A study of Frédéric Fiebig self-portrait. The lights and shadows on the face are broken down to their basic shapes. I believe this self-portrait of Frederic Fiebig to be the perfect reference for studying the planes of the face.
In the process of painting Munsell Neutral Value Gray Scale for my planes of the head study. I created the craft spoon neutrals a year ago, using my mixture of Burnt Umber, Ivory black, and Titanium White. I completed the long vertical strips yesterday using Williamsburg Neutral Gray oil paint values 2, 4, 6, 8. I mixed the intermediate values 3, 5, and 7. My neutral gray mixtures (craft spoons) compared to Williamsburg’s Neutral Gray were pretty darn close and in some cases they were identical, or at least I could not detect any difference in values with my own eyes.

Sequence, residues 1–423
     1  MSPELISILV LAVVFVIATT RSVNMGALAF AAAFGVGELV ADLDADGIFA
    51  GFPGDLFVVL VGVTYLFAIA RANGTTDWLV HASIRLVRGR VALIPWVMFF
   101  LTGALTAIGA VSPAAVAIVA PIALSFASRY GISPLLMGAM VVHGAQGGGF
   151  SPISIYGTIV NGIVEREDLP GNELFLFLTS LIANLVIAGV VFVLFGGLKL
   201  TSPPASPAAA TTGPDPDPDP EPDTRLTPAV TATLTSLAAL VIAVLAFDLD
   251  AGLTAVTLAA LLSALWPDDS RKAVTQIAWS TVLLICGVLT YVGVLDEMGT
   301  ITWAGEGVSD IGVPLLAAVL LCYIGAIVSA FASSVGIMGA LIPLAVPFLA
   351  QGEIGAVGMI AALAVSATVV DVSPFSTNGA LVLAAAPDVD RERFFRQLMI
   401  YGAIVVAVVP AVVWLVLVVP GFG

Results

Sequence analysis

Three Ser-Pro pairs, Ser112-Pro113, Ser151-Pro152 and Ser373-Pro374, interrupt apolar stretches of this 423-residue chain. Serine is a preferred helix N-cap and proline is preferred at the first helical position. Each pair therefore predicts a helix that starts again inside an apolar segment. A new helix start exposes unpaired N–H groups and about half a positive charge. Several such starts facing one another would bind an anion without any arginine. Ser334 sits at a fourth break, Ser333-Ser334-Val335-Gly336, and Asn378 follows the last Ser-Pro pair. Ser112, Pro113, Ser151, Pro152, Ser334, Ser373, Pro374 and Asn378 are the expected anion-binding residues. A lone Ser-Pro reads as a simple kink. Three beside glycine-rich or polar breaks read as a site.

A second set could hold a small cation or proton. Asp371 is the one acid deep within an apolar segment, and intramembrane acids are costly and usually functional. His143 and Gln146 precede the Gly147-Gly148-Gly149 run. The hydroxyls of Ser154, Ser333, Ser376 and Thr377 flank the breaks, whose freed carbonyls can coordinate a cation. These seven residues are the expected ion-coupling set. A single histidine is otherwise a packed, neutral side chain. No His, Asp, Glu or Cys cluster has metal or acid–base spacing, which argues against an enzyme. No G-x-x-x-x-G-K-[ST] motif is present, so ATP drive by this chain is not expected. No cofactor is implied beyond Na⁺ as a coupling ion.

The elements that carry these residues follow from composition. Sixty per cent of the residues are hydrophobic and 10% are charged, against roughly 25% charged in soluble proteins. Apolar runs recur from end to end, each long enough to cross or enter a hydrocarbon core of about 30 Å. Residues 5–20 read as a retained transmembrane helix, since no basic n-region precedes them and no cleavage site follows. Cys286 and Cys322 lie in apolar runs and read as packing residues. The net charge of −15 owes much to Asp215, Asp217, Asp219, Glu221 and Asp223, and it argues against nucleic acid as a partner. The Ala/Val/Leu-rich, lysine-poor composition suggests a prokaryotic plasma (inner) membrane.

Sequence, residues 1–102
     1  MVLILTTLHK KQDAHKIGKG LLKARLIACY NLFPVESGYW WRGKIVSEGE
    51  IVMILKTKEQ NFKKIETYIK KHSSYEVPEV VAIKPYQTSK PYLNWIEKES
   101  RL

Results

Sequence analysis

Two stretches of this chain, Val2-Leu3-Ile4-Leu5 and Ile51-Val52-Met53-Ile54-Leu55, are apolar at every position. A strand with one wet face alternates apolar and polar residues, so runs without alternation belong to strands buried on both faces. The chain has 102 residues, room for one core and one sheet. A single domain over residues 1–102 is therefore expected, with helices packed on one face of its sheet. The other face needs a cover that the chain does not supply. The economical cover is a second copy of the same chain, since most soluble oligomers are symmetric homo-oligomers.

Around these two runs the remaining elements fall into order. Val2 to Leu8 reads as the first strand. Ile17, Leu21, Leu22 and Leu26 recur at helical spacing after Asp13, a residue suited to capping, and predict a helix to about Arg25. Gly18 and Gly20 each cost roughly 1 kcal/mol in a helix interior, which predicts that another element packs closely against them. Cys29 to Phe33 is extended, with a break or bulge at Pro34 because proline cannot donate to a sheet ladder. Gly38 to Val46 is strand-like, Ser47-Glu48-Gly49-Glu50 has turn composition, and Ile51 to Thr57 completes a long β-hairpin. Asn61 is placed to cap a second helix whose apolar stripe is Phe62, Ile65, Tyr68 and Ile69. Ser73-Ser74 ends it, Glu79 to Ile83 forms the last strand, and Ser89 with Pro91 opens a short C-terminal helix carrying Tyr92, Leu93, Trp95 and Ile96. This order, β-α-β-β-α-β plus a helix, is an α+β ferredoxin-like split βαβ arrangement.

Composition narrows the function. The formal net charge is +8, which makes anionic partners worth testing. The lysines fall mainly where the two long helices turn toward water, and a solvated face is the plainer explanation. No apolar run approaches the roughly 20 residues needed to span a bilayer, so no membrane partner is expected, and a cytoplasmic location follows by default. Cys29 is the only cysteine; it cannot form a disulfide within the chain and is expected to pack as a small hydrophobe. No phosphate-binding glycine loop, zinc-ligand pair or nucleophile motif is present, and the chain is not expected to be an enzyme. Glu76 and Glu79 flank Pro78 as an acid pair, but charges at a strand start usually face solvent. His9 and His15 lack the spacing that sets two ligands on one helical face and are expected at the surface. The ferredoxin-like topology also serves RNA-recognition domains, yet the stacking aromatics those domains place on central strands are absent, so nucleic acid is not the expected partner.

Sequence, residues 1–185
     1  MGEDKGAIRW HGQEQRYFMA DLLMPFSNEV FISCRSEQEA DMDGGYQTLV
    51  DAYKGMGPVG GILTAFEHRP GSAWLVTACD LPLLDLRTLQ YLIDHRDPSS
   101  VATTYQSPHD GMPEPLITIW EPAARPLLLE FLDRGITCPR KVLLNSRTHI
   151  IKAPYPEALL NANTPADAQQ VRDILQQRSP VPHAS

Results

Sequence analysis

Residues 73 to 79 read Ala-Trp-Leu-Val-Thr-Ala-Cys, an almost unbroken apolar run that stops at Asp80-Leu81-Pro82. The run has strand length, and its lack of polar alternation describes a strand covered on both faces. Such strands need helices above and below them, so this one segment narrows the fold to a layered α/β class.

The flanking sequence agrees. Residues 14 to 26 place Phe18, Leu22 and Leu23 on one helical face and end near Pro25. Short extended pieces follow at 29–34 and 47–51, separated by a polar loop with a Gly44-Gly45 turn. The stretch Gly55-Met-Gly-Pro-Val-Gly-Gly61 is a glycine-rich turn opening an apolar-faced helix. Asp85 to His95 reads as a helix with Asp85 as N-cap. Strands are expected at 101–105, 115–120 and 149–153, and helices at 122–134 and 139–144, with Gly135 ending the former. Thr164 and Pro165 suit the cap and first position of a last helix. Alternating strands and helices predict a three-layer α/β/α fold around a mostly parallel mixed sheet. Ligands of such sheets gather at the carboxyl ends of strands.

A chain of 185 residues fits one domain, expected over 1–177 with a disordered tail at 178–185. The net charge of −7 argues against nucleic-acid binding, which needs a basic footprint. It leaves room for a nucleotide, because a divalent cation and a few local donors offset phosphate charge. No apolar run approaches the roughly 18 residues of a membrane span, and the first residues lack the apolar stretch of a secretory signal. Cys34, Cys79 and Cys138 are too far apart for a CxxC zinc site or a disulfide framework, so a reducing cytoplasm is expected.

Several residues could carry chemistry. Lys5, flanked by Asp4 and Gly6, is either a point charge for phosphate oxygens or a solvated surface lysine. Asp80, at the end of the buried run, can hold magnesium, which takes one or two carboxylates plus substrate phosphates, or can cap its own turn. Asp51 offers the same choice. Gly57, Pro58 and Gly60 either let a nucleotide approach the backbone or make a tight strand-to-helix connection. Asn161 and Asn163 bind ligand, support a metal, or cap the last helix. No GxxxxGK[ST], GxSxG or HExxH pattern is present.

Oil figure study on linen. Reference was obtained from New Masters Academy.
This was not a study about rendering details, but about establishing big shapes, proportions, light and dark patterns. I used Transparent Red Iron Oxide (TRIO) as my single color pigment and a mixture of French Ultramarine Blue and TRIO to paint my darks.
Painting on portrait smooth linen is great, however, if your pigment out of the tube is soaked with medium (walnut oil in my case) or you add to much medium, you will find that your brush strokes quickly get out of control. If your pigment out of the tube is too oily, just mixed a little bit of Gamblin’s Cold Wax Medium; it reduces the oiliness and consequently the glossiness of your painting. Personally, I prefer to have a matt look to my underpaintings.
Your questions and comments are always welcomed.